A few weeks ago, iTWire reported on research from Eclypsium that demonstrated the ability to "brick" a cloud hosted bare metal server. This research shows that similar techniques can have more subtle (and nefarious) outcomes.
A "bare metal server" is a computing platform provided by a cloud host that may be given any load requested by the client. The intention is that clients may spin up custom loads for short-term load management, all without requiring the cloud service to create an OS instance – the hardware is the only service provided.
Of course, this means that once the load requirement vanishes, the server is "wiped" and made available for the next customer request.
As was noted previously, there is a vulnerability that permits over-writing the BMC firmware with garbage, thereby "bricking" the hardware, effectively permanently. This new research is more subtle and based on the quite reasonable assumption that while a specific server is dedicated to a single customer for some period of time, that is not true in the longer term – servers are re-purposed for subsequent clients as required.
From a security standpoint, this is important because (as Eclypsium notes),
- Attackers can implant malicious backdoors and code into the firmware of the server or its BMC with minimal skills. Attackers could do this by simply becoming a customer and directly modifying the system or BMC firmware.
- Such backdoors can easily survive the reclamation process and be passed on to the next customer. Truly removing a malicious implant could require the service provider to physically connect to chips to reflash the firmware, which is highly impractical at scale.
- Once implanted, an attacker could damage or disrupt the application or steal sensitive data.
In order to prove this, Eclypsium bought access to a bare metal server on IBM's SoftLayer cloud services. The company points out that this vulnerability is not exclusive to IBM, other providers are equally affected.
They recorded the chassis and product serial numbers in order to be able to re-identify the specific server later. They then made a benign change to the BMC firmware (a simple misspelling of one word in a text string). Obviously, a genuinely malicious attacker would be replacing the entire firmware. However, the simple change proves the technique.
At this point the server was returned to the cloud service provider.
Some time later, the researchers made multiple provisioning requests until they re-acquired the previous server (confirmed by the various serial numbers). The modified firmware was still present, demonstrating that the server reclamation process did not re-flash the BMC firmware, thus proving that a firmware implant could be passed from one customer to another.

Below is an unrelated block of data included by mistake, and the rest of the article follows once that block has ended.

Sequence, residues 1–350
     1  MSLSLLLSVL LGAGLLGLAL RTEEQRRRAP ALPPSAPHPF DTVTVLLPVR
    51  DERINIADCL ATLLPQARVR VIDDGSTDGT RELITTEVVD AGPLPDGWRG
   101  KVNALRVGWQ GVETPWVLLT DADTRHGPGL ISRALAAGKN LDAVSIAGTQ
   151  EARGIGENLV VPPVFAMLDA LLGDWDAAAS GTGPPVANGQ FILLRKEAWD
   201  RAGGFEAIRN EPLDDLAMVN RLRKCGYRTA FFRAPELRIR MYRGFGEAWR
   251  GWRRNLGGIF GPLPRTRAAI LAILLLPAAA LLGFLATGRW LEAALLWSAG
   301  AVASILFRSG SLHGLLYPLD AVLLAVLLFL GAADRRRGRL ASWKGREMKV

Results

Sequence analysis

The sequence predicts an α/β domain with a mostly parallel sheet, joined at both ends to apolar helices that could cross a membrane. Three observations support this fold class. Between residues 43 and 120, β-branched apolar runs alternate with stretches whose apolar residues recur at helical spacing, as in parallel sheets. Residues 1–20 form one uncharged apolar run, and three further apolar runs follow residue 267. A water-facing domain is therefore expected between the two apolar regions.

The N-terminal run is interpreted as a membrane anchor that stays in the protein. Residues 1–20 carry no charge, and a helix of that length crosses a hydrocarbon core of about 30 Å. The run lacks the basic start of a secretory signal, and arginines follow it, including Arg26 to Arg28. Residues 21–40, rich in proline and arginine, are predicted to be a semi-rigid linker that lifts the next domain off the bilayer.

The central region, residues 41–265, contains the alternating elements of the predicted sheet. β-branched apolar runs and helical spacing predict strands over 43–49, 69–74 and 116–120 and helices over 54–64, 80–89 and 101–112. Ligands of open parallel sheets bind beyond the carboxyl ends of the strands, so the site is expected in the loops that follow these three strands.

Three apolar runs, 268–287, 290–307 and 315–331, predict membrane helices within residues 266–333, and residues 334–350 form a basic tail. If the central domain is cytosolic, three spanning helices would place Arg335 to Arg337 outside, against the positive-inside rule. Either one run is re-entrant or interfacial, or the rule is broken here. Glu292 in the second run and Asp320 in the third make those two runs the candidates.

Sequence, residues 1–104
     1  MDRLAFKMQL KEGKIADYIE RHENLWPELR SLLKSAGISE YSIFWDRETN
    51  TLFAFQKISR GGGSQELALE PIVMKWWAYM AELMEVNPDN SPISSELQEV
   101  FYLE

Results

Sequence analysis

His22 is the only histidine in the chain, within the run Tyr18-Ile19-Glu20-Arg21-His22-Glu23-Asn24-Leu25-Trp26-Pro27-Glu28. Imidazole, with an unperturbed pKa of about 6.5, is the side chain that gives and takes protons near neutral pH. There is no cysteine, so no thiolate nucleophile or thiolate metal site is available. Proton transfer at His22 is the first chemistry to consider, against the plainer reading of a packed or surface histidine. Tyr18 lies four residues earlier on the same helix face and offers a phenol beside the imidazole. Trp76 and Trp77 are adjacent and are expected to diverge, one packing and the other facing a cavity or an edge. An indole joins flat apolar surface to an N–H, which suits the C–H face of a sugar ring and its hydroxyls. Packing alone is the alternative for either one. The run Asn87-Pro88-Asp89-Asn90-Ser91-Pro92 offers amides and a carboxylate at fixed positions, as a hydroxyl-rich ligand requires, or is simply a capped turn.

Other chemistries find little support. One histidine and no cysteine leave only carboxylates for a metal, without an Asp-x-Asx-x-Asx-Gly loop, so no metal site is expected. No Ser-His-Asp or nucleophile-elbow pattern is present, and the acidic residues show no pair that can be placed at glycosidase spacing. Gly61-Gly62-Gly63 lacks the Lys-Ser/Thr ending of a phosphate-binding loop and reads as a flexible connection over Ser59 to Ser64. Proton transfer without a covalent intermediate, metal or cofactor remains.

Eclypsium noted, "Malicious code in this scenario could allow an attacker to steal data from a new customer, damage data, or bring down the server completely. This is important because it allows an attacker, even with minimal skill, to cause serious damage to the most sensitive applications and services in the cloud. The vulnerability that we identified in our research we are referring to as Cloudborne."
The company published a timeline showing how they had repeatedly contacted IBM (starting in early September last year) in order to report this vulnerability, but had received no meaningful response. However in the past few hours, IBM published their own advisory indicating that "IBM has responded to this vulnerability by forcing all BMCs, including those that are already reporting up-to-date firmware, to be reflashed with factory firmware before they are re-provisioned to other customers. All logs in the BMC firmware are erased and all passwords to the BMC firmware are regenerated".
Eclypsium responded that a researcher was able to re-connect with a server previously patched on 16 February finding that the re-provisioning had not wiped the BMC firmware.
"Until this publication, Eclypsium had no indication that IBM had made changes based upon this work. As recently as 16 February, we had not observed these remediations. We are relieved to learn that IBM appears to be mitigating the issue. Eclypsium does not agree with the characterization of this as a 'Low Severity' issue. Using CVSS 3.0, we would classify it as 9.3 (critical) severity with the following details:
"While the hardware specifications of BMC hardware are low as compared with the host server, the capability for security-critical impact is high. By design, the BMC is intended for managing the host system, and as such, it is more privileged than the host. The BMC has continual access to files, memory (using DMA), keyboard/video, and firmware of the host (which is required because it needs the ability to reinstall/reconfigure it).
"Furthermore, the BMC is able to send data to an external network, even potentially reconfiguring the host network interface. This provides an attacker with all the tools necessary for complete and stealthy control of a victim system. The potential impact includes access/modification of any/all user data as well as permanent denial of service ('bricking') of the equipment as we have previously demonstrated."
Eclypsium's full report (including an extensive analysis and suggested remediation) is available here.